What Is It Like To Be a Trans Soldier?

trans rights are human rights

In July 2017, the president of the United States announced a ban on transgender people serving in the military. This hasty decision, announced on Twitter, outlined no details in regards to what would happen to current active trans servicemembers.

The announcement came amid a disagreement around a $790 billion defense and security spending package scheduled to vote on. The disagreement threatened the bill’s ability to pass.  In the same week, lawmakers argued whether or not taxpayers should pay for gender transition and hormone therapy — despite its infinitesimal cost. And that’s how the president tweeted his solution and shut down support for 15,000 active-duty members of our military without a concrete policy in place.

Since then, groups of House Democrats, a bipartisan group of senators, retired generals and admirals, and many others have requested, advised, and written letters to the president in order to urge him to reject this unconstitutional directive. Many trans veterans have tweeted their disappointment, and others are suing. But there are also those who agree with the president’s planned policy.

The military is already a hard place to be for a trans person. In one series of tweets, the president further alienated countless active-duty soldiers – some currently overseas.

Trans soldiers sacrifice

“I’m a transgender veteran and gave my entire youth (19-26) to the service of my country. It’s all I know. This is outrageous and so wrong.”

Tomi Kay, transgender Army veteran

Every person who fights for our country — reserves, active, veteran — sacrifices part of themselves to their country. They sacrifice time with family, the normalcy of a civilian job, their safety, their food choices, and where they live, among so many other things. They sacrifice what their purpose is for the entirety of their active duty. Being in the military has a way of defining who you are, and it’s a sacrifice to give your identity to the government in order to fight for freedom. For a servicemember, no matter your race, gender, sexuality, age, level of education, rank, or religion, you’re a soldier and you’re sacrificing so much to be a soldier.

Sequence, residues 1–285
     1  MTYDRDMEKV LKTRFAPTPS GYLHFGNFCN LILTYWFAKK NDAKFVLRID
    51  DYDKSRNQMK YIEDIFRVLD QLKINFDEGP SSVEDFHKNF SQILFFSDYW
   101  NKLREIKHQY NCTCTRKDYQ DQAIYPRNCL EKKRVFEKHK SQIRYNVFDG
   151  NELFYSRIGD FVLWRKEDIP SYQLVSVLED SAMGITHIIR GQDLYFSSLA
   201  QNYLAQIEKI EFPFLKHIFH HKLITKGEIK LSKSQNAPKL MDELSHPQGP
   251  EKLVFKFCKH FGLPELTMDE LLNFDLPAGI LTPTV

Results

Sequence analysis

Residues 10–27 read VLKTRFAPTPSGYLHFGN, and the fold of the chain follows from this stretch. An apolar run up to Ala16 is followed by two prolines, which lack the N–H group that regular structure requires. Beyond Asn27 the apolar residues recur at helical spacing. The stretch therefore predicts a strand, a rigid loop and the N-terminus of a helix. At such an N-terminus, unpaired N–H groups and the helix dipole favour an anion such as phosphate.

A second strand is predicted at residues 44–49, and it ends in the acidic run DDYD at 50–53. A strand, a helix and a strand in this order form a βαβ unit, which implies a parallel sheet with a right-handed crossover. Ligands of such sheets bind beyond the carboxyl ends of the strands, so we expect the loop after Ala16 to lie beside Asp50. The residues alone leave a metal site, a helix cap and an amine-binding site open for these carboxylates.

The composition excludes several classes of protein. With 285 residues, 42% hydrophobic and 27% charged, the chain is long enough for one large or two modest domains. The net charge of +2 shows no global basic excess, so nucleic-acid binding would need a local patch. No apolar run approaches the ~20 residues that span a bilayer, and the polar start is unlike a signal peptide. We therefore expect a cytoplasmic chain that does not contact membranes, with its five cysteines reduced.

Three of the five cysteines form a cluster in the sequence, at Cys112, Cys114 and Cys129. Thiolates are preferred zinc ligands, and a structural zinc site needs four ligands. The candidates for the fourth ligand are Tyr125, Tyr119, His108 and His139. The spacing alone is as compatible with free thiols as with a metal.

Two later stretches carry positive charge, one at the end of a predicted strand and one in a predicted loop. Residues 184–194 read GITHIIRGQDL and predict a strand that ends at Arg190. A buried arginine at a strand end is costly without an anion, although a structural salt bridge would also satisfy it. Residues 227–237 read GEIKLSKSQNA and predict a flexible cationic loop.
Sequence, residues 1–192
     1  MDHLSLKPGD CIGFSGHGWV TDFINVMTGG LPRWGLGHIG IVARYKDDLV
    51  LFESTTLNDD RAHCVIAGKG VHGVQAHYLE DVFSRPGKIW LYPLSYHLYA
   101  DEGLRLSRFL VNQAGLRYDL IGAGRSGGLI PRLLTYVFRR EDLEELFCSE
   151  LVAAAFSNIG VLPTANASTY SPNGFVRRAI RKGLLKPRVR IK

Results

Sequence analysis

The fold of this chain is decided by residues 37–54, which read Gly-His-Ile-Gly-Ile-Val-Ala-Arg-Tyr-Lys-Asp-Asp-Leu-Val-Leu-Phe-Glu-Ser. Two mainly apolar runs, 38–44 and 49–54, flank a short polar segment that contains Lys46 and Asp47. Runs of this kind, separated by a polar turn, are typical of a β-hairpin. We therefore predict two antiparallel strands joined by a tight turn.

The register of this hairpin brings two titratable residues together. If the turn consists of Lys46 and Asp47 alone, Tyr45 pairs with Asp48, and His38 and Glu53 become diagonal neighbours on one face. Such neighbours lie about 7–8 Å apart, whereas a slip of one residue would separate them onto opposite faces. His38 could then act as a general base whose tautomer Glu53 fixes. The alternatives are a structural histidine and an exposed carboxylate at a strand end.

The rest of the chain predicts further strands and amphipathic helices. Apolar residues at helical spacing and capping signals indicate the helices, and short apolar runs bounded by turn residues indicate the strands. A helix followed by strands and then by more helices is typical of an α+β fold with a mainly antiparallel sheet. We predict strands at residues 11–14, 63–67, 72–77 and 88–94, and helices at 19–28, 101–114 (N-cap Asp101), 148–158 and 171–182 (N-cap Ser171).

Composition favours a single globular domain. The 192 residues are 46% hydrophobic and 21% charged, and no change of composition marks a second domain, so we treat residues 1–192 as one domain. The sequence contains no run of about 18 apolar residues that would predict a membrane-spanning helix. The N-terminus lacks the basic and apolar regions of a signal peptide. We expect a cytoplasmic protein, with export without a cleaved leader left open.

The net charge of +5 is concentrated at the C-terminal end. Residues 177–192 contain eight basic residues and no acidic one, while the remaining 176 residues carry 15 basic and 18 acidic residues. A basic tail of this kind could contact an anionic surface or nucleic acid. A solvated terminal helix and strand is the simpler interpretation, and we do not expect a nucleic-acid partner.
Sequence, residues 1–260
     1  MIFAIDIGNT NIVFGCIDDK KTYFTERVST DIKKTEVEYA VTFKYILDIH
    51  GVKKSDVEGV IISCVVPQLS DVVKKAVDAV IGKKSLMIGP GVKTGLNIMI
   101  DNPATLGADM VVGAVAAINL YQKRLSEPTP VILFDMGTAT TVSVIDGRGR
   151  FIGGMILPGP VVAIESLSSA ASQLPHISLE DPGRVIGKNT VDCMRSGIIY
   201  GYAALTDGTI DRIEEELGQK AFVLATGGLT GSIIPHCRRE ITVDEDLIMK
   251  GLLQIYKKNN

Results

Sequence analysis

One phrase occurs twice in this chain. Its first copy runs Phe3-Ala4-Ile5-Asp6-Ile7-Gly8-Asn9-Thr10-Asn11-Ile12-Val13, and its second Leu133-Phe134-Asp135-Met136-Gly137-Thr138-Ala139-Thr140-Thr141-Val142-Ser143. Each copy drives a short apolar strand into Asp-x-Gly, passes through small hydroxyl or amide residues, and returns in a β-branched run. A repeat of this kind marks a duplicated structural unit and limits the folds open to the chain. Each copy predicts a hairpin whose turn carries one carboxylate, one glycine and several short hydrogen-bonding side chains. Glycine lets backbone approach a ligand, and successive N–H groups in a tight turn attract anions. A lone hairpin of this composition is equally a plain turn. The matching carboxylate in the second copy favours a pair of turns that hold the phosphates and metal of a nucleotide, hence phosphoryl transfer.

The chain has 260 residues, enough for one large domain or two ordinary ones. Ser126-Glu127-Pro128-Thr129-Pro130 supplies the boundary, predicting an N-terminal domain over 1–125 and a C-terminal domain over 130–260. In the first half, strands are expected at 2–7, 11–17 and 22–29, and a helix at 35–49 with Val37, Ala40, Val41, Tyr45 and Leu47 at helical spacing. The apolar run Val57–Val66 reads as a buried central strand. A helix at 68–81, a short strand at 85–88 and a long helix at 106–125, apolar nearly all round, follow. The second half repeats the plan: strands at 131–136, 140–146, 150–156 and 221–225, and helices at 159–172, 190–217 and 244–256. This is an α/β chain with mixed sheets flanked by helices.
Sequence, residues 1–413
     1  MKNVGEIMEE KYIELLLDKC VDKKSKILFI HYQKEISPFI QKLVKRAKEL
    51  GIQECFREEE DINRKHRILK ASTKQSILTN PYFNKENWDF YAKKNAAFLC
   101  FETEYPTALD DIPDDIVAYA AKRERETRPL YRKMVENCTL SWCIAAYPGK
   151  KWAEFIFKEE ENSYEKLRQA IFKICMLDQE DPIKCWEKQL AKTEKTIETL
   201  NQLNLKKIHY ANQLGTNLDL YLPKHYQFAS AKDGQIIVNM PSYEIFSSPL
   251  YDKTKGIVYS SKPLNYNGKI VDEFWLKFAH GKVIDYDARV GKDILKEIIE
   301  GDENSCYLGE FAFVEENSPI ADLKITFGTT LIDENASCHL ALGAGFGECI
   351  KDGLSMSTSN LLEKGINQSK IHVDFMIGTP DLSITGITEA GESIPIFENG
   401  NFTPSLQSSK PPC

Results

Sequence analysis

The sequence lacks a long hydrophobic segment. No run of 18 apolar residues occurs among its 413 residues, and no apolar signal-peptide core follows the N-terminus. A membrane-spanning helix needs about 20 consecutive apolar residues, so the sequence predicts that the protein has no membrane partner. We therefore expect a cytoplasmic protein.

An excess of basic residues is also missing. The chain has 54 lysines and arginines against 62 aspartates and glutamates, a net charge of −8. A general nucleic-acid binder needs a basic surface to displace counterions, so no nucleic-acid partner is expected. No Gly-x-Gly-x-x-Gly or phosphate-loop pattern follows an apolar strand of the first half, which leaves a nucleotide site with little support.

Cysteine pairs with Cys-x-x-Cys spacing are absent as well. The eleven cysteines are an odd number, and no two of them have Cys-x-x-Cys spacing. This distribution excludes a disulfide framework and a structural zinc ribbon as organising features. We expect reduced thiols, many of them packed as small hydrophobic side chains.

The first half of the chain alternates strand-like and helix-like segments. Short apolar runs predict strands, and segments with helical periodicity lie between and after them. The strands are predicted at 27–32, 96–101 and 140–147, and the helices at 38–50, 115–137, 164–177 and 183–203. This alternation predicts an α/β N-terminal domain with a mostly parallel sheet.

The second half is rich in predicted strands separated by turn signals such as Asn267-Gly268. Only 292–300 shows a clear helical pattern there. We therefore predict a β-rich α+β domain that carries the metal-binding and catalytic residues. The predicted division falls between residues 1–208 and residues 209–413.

Many transgender service members sacrifice so much more than the average soldier. For one, while transgender soldiers make up a small percentage of military members, they serve at a higher rate than most other demographics. It’s also a scary job to have as a trans person, so many stay quiet to avoid backlash.

The general view of LGBTQ service members has been leaning in a positive direction, and Trump’s announcement pushed this issue the other way. Mental health issues in transgender people are largely triggered by stigma and inequality, so his comments were highly damaging.

What is it like being a trans soldier? It’s about sacrifice, just like any other soldier.

Trans soldiers experience trauma

“Don’t talk about my service [Donald Trump]. You will never be as good as me and thousands of servicemembers. No matter how hard you try.”

Rachel Lauren Clark, transgender Marine Corps veteran

A soldier’s life is something that they agree to sacrifice when putting on their uniform and vowing to protect their country. The same flag lies over their coffin regardless of their gender or orientation. They can be shot, injured, wounded, or left with a life deeply affected by PTSD.

They may lose fellow soldiers, have lasting mental health problems as a result of war, or experience mental health issues while overseas. Soldiers may battle the grief of losing a loved one back home while they continue to battle overseas – or the grief of losing another soldier. They may experience anxiety or depression as a result of missing the birth of children, the declining health of a parent, or other family emergencies.

Trauma comes in all forms, and those in service can experience it in so many different ways while serving their country. Some are lasting, others are short-term, some are physical.